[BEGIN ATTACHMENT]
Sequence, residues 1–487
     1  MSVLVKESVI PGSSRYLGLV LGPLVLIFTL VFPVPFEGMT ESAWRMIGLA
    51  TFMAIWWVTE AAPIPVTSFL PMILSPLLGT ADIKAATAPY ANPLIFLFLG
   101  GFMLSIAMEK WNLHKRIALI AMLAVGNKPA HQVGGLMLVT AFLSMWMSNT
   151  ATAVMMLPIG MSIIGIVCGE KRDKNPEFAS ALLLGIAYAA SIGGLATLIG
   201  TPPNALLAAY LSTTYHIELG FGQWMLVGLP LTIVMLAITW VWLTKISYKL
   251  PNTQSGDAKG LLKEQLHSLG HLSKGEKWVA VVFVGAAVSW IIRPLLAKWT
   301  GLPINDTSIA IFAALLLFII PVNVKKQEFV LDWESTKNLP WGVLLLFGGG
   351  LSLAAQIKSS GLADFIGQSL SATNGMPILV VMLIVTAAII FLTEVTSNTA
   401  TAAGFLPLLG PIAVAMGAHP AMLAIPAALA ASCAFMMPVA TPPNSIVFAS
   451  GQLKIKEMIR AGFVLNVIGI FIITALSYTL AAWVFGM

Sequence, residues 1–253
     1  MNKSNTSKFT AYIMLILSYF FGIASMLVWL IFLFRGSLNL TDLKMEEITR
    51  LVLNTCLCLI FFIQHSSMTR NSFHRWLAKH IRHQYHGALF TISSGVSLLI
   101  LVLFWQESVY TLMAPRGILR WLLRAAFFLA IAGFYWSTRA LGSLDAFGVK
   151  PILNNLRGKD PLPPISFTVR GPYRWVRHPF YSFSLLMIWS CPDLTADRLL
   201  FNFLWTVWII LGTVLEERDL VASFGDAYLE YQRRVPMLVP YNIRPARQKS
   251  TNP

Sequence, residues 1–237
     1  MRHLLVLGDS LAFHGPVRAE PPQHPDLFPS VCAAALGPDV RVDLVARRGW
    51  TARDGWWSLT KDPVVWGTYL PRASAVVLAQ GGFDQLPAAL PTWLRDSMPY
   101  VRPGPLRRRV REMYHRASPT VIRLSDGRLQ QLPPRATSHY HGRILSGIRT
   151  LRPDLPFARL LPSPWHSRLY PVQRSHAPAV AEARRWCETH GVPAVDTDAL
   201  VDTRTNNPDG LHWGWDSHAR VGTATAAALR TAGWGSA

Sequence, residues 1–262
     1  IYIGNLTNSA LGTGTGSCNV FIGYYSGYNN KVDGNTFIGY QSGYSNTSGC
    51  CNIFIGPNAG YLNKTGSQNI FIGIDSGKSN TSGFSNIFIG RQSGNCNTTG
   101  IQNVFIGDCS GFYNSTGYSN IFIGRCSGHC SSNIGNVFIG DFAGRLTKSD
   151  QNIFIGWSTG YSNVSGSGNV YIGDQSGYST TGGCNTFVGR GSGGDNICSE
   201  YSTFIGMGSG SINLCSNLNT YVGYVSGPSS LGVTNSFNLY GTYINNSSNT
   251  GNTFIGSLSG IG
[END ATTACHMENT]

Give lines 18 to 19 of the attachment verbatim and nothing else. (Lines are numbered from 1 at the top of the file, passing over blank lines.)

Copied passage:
   251  TNP

Sequence, residues 1–237